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Facey up for New Year fight

BUSY YEAR AHEAD: MMA’S Facey has a lot to look forward to

ON NEW Year’s eve Jamaine Facey was doing a seven kilometre run in preparation for his Mixed Martial Arts (MMA) fight on February 7.

While most people were raising a glass or three with their mates at midnight the welterweight was tucked up in bed dreaming about MMA glory.

“My new year started when I signed the contract to fight on February 7,” Facey told the Voice of Sport.

“I’ve partied, raved and done all of those things at new year’s throughout my career but this time around I took time out, I’ve been very disciplined with my approach to the next fight. It’s serious for me.

“Obviously I was meant to fight Makunga Bunduku in November last year but he didn’t turn up for the fight. That was disappointing but then this opportunity came around and it’s just the type of thing I love, a real challenge.

“The opponent and UCMMA welterweight title holder Bill Beamont is a good all-round fighter, trains out of Titan gym and the few fights I have seen of him shows he knows how to handle himself.

“I’ve seen a few weaknesses, areas I can expose and that’s what I am aiming to do. It will be tough though.”

Facey, 33, is a seasoned MMA fighter with a record of won ten, lost nine. Having flirted with other weight divisions in 2014 ‘Mr Pain’ as his fans refer to him, is eagerly anticipating future success back at his preferred 77kg.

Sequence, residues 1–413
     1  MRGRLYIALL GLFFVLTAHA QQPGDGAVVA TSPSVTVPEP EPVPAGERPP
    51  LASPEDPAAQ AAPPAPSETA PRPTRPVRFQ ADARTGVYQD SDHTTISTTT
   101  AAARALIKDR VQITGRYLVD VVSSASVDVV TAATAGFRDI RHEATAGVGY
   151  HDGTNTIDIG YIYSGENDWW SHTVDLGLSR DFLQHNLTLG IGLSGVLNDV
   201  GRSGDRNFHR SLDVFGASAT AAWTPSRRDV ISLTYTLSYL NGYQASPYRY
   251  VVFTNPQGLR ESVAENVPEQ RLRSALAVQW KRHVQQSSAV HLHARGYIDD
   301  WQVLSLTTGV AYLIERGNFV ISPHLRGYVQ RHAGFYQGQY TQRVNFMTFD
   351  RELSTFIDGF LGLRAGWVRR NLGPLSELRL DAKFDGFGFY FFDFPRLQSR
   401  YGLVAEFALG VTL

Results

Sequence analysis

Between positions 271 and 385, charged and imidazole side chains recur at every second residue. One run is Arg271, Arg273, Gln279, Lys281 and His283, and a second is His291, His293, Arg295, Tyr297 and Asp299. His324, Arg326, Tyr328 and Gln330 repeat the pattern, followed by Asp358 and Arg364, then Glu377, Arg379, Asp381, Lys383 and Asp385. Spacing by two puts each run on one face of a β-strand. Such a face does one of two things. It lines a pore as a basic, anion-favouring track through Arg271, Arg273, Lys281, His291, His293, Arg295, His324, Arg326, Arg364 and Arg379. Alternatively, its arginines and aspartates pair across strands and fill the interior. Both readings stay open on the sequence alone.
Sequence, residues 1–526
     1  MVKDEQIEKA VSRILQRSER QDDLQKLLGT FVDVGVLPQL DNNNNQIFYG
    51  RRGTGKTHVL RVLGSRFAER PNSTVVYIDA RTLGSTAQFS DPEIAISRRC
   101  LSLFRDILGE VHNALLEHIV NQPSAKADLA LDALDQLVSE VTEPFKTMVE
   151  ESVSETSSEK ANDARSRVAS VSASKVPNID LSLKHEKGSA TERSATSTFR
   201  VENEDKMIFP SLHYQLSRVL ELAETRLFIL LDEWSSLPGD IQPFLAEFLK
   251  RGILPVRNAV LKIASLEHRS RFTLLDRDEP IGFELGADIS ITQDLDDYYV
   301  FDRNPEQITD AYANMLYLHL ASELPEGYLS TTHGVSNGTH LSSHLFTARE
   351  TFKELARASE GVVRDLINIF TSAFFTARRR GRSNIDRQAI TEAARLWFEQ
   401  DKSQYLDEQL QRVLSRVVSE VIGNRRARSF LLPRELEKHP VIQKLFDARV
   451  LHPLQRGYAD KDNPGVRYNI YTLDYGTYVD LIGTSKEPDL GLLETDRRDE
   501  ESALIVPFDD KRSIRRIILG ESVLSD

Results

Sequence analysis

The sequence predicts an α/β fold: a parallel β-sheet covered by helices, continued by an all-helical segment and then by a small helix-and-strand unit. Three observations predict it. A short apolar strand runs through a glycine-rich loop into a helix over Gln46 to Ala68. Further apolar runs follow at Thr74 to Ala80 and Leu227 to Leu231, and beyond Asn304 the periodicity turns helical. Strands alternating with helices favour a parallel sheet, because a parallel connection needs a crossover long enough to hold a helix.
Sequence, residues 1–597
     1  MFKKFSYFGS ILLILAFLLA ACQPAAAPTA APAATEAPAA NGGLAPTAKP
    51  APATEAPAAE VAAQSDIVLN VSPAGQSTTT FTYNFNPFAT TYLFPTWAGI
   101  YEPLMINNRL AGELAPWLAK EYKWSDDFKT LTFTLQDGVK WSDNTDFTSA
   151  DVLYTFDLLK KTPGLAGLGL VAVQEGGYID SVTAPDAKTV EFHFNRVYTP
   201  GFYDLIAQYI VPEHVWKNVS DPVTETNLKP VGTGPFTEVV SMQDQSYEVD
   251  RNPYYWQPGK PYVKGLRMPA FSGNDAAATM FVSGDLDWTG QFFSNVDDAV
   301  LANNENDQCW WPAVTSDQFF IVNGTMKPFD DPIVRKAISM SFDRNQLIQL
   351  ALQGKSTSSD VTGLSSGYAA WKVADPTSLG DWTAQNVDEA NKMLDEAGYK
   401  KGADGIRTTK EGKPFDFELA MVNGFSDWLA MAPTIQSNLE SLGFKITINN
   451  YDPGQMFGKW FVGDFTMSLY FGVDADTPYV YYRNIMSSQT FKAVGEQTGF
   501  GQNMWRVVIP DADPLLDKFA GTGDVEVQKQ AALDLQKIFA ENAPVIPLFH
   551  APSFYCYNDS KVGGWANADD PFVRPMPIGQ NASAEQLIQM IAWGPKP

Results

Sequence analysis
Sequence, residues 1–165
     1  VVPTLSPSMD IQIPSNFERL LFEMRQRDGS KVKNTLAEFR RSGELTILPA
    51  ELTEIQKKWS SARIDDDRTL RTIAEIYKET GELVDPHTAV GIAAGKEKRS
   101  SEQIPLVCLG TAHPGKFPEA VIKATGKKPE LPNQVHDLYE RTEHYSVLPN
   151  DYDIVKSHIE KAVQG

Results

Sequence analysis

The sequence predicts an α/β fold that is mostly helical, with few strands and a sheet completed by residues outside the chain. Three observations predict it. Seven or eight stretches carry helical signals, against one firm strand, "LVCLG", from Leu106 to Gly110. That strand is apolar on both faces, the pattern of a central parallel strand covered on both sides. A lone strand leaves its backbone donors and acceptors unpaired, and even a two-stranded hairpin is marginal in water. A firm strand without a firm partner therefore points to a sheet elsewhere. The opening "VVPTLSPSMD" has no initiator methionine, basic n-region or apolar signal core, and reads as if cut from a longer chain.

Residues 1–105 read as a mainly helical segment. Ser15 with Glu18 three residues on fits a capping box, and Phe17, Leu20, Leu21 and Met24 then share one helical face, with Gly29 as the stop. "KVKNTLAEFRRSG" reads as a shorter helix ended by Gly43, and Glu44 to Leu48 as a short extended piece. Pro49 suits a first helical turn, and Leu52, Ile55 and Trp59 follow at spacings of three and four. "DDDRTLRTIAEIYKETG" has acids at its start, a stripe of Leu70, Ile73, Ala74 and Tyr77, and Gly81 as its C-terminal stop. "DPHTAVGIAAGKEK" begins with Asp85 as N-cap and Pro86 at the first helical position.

“When I fought at welterweight before I used to do last minute cuts, I didn’t diet right, I used do it all in the week before the fight,” Facey admitted.

“But fighting at 70kg I had to really understand how to lose weight and put it back on safely.


“It’s crazy because I have been fighting for so long and its only now I am understanding the science behind cutting weight properly. I had to go and study.

“Its all part of me taking this part of my career seriously. I’ve given a lot to others throughout my career, its time for me to be a bit more selfish and see over the next couple of years what I can really do in this sport.”

In terms of how the sport is run, Facey believes as long as the UK MMA scene is as fragmented at the top as it remains today, with big show organisers all battling for number one status, the growth of the sport will continue to grind to a halt.

As such he sees a future where fighters will continually look to other sources of financial income in order to support their love affair with MMA.
“The money in this game for the fighters is poor, you can’t live off of it.

Considering the time and money spent preparing for fights and devoting yourself to training, travelling, eating right, it doesn’t add up. You have to love it,” he said.

“When I first started in the sport I had a very different view of where I saw it going. It would be nice to see some unity from the top organisations, but I doubt it will happen.

“The thing is though, who is waving the flag for the UK out of any of them, really waving the flag? Something is needed to get things going again but I am not sure what.”

While the debate on the health of MMA goes on Facey still holds faith in the future of the sport and while he has breath, he will fight.

“There are things in this game that I do wish I understood a lot earlier but that’s that, for now I am focused on Mr Pain and what I can do.
“It all kicks off at the Troxy in east London on February 7.”

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